Jacqueline Beechy, a waitress at the nearby restaurant where Wells fled after the incident, testified that Wells ran into the diner holding a pair of scissors and screamed "I have been raped. He has got a gun." Beechy noted that Wells was scratched about her eye and was bleeding from her ears. Wells' legs were also bleeding from small deep puncture wounds. Beechy then called the police.

Police officers Carol Cummings, Joseph Flaherty, Arthur Wolff and Leonard Zielinski testified as to the events subsequent to Beechy's telephone call. When the police arrived at the diner, they spoke to Wells and then drove her to the hospital for medical treatment. Wells was bleeding from her ears, legs and scalp. At the hospital, a doctor sutured Wells' leg wounds and performed tests that confirmed the presence of sperm in her vagina.

The police then proceeded to the neighborhood where defendant lived and located his apartment. They noticed a trail of blood leading up to defendant's apartment door. They knocked, and defendant opened the door approximately 6 inches, keeping the security chain fastened. The officers saw blood on defendant's chest beneath his unbuttoned shirt. Defendant asked the police for a search warrant and repeatedly refused to talk to the officers. When defendant walked away from the door, the officers observed that the back of defendant's shirt was saturated with blood. The officers thereupon forced open the door and arrested defendant.

Shortly after the arrest, the police drove defendant to the hospital for medical treatment. During the drive to the hospital, defendant repeatedly asked the police about the security of his apartment.

When asked at the hospital how he had incurred his wounds, defendant replied, "It's for me to know and you to find out." Defendant refused medical treatment. At the emergency room, Wells identified defendant as her assailant. Shortly thereafter defendant telephoned his attorney.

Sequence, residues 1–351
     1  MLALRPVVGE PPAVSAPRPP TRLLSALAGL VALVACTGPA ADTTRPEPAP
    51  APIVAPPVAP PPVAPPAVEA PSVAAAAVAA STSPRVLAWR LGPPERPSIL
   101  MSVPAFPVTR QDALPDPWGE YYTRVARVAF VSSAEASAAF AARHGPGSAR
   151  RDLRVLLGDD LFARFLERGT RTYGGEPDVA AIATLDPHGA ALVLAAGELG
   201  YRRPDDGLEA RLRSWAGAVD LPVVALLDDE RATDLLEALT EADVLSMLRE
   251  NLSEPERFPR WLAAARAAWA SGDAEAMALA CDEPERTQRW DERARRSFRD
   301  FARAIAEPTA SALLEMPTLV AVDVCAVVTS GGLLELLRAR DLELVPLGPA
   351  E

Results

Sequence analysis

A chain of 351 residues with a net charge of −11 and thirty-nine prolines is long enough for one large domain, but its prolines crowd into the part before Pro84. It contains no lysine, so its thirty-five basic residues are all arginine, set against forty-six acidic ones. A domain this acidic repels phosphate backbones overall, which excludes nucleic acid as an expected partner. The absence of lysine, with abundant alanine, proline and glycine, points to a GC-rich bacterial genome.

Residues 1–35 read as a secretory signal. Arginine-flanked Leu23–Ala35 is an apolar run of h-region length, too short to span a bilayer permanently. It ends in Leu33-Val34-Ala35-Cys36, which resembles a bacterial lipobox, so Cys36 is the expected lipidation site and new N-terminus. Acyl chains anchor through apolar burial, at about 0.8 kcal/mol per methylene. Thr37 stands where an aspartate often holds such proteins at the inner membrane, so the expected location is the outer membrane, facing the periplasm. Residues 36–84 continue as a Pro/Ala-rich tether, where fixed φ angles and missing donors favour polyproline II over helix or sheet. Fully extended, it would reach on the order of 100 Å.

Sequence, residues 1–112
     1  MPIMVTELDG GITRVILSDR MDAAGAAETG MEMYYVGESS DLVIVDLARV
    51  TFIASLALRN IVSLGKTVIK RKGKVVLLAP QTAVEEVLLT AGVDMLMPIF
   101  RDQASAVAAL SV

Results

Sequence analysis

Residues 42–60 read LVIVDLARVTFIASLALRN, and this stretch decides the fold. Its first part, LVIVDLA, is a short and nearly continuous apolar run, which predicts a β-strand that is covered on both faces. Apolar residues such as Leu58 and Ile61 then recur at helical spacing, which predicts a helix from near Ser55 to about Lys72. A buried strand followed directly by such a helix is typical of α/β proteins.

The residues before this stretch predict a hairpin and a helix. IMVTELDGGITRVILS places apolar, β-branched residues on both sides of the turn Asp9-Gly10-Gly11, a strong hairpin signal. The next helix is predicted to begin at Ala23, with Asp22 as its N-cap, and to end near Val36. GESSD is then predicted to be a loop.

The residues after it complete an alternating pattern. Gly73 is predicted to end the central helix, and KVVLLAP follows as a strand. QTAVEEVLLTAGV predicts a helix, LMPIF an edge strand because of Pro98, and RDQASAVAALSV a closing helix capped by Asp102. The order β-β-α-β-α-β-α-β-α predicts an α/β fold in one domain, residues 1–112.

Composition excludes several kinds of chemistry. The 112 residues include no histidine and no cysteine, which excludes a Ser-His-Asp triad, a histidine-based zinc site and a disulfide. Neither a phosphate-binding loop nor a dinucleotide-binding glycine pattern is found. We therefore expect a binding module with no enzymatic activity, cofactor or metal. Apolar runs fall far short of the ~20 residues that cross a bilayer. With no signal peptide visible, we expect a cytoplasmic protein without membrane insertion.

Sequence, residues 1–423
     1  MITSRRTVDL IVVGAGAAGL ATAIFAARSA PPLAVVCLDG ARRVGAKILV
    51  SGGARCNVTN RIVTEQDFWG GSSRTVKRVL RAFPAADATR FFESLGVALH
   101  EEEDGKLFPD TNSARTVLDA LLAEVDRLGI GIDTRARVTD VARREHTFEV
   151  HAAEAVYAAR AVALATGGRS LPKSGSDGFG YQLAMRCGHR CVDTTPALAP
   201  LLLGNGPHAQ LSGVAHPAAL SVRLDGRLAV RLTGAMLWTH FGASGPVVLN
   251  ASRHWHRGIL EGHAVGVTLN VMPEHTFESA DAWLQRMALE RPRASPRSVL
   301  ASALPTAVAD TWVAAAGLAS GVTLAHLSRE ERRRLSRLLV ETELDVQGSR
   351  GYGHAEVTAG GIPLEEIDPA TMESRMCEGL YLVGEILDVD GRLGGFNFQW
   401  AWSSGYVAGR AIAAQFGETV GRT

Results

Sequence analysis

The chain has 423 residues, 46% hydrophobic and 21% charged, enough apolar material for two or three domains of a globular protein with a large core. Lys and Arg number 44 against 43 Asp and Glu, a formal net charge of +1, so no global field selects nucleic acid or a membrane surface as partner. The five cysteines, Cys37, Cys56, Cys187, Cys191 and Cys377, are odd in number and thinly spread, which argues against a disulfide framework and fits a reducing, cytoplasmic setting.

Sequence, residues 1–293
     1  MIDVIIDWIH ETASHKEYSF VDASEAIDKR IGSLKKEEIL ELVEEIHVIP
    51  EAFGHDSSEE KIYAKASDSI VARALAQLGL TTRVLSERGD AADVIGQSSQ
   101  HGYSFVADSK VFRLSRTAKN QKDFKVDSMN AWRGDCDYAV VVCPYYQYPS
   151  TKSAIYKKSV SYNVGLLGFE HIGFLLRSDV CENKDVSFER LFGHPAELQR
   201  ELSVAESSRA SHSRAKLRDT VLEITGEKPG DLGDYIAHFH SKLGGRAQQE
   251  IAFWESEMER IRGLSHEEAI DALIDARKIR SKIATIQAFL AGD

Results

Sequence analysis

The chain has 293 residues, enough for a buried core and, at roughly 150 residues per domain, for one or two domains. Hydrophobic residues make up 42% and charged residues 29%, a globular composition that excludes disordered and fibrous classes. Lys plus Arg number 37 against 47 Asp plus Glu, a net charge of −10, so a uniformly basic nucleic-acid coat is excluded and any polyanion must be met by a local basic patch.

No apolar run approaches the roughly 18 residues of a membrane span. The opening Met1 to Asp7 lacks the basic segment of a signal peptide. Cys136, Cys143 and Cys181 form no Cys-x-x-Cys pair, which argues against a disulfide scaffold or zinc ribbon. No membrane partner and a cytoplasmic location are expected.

Pursuant to a post-arrest investigation, the police examined Wells' residence and defendant's automobile and apartment as well as an adjoining parking lot where defendant's car was parked. This investigation produced the various weapons mentioned in Wells' testimony, as well as a few articles of bloodied and torn clothing including a man's T-shirt found lying on a hedge near defendant's car.


At trial, defendant testified on his own behalf but only had a limited recollection of the events. Defendant recalled that after he and four others had been drinking in a tavern, they plotted to kill Wells. One of the others gave defendant two pills and an injection. Defendant then went to his apartment, took a gun and broke into Wells' apartment. While he committed deviate sexual acts upon Wells, one of the co-conspirators watched him and then hit him on the head with a gun. Defendant remembered fleeing after being stabbed. He also recalled disposing of his pistol and T-shirt.

Defendant relied on the defense of insanity. Defendant, his sister, and five experts in the fields of neurology, psychiatry and psychology testified to the effect that defendant was insane at the time the crimes were committed.

Defendant and his sister, Janelle Kempae, testified as to defendant's emotional and family background. Defendant's stepfather was effeminate and a heavy drinker, and neglected defendant. Furthermore, defendant's father on one occasion forced Kempae and her younger brother, when they were young children, to have sexual intercourse. Defendant refused to participate when his father asked him to do so. The father also performed deviate sexual acts with Kampae, ...